The Te Atatu Tavern

The Te Atatu Tavern was the Waitakere Licensing Trust’s first tavern and opened in 1974. These days it is a weeping sore that exemplifies much of what is wrong with The Trusts.

The site is 8,141 m² (that’s over two acres) of perfectly flat land right in the middle of the Te Atatu Peninsula village. About 95% of the site is potholed carpark or empty/dilapidated buildings. The last 5% is an old school public bar with a TAB and 18 gaming machines. There’s also a privately operated drive-through coffee caravan in the car-park (which makes good coffee and is quite popular).

The bar itself is OK; it has a rich history and loyal customers but for most of the week it is more or less empty. Their food offer is bar snacks like chips and wedges but despite that, they open at 11am – 7 days a week.

Those gaming machines extract about $1.3 million out of the community each year. [1]

The Trusts have recently opened a new tavern (Mr Illingsworth) in an adjacent development and have also relocated their off-license there too.


So what is to become of the Te Atatu Tavern?
  • The owner of the adjacent site (Helen Moore) stated in early 2018 “Helen Moore says that together with The Trusts they will be working on a long-term master plan to fully develop both the Moore’s property, and The Trusts land”.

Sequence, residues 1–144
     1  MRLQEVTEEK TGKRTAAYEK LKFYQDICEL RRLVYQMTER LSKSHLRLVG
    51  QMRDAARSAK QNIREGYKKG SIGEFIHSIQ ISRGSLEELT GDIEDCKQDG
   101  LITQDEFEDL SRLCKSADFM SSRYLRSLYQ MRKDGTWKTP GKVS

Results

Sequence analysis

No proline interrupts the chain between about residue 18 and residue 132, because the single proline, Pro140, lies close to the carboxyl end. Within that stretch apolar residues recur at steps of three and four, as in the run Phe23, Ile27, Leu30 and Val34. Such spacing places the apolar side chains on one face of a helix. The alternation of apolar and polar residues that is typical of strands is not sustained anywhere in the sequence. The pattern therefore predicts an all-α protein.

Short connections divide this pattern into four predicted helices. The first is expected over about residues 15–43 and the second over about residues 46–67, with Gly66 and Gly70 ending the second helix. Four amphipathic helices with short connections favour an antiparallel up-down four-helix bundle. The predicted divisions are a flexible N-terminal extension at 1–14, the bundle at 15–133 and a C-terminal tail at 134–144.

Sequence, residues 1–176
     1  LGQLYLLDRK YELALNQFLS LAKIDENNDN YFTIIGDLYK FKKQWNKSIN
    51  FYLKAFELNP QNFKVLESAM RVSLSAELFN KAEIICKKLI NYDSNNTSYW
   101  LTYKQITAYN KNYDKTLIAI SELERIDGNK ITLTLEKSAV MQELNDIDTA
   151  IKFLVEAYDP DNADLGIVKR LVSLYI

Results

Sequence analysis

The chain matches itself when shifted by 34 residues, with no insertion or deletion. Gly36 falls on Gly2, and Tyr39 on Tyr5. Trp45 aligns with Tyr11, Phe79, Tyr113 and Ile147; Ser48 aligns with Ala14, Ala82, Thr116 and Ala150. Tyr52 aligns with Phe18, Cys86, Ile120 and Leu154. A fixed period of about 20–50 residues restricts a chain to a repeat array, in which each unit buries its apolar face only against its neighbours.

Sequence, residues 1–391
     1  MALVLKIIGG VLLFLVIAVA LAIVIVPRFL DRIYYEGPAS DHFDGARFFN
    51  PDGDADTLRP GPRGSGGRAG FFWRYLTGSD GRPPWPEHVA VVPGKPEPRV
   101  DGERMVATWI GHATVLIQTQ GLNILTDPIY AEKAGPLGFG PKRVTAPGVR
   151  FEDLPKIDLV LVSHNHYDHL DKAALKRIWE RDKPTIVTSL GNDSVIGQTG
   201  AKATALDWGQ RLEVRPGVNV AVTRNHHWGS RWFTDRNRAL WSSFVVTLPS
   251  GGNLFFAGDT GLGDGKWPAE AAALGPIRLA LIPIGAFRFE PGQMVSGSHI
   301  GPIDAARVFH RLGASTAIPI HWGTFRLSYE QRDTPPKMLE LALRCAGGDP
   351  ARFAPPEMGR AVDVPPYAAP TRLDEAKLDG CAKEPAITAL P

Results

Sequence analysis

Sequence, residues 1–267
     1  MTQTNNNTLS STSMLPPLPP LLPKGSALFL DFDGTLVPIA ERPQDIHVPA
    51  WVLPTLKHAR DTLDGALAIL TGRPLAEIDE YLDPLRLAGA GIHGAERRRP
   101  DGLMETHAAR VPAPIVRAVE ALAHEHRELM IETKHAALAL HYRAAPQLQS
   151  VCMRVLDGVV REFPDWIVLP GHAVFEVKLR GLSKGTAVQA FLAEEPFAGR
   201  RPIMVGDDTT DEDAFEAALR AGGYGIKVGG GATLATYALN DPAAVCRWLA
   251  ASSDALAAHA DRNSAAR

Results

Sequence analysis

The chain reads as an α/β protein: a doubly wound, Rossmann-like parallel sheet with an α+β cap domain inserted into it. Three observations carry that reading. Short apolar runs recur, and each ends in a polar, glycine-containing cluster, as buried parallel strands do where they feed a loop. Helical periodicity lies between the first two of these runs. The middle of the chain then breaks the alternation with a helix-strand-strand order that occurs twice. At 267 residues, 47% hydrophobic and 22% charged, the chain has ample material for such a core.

• Our information requests to the Waitakere Licensing Trust (WLT) for any further information about the planned developments were refused on the basis that disclosure would disadvantage their commercial negotiations.
  • A member of the public attended the monthly meeting of the WLT in September 2018 and this information was recorded in the minutes:
  • Shane Henderson (WLT elected member for Te Atatu) stated to me in early February that the WLT members had not discussed the future of the Tavern site. However in late March, he commented on Facebook
  • And this from the Tavern’s Facebook page gives us an idea of the scale of the renovation:

So it looks like the WLT have decided to give the Te Atatu Tavern a superficial makeover and it will continue to operate for the next few years at least.

So what’s wrong with all that?


  1. The site should have been redeveloped 10+ years ago. The Waitakere Licensing Trust has let Te Atatu down by letting the site deteriorate to its current state.
  2. The Tavern site offers no amenity to the vast majority of residents (except the drive-through coffee). The dilapidated state of the buildings and carpark detracts from the local amenity – to put it bluntly, it is a bloody awful eyesore.
  3. The gaming machines draw $1.3 million out of the local economy – much of it from those with addiction issues and those who can least afford it.
  4. The site is valued by Council at $5.55 million, but its market value could be much higher. Using a 6.5% return on capital, the opportunity cost of holding the site is $360,000+ each year. That means we’re giving up $360,000+ in community funding every year that the WLT sit and do nothing with that site.
  5. There’s no way that this place is making a profit without the pokies. Overall, The Trusts hospitality business loses money without the pokies – and it’s hard to imagine the Tavern is one of their better performing bars. That means we’re effectively subsidising a gaming venue when we pay the inflated prices at West Liquor.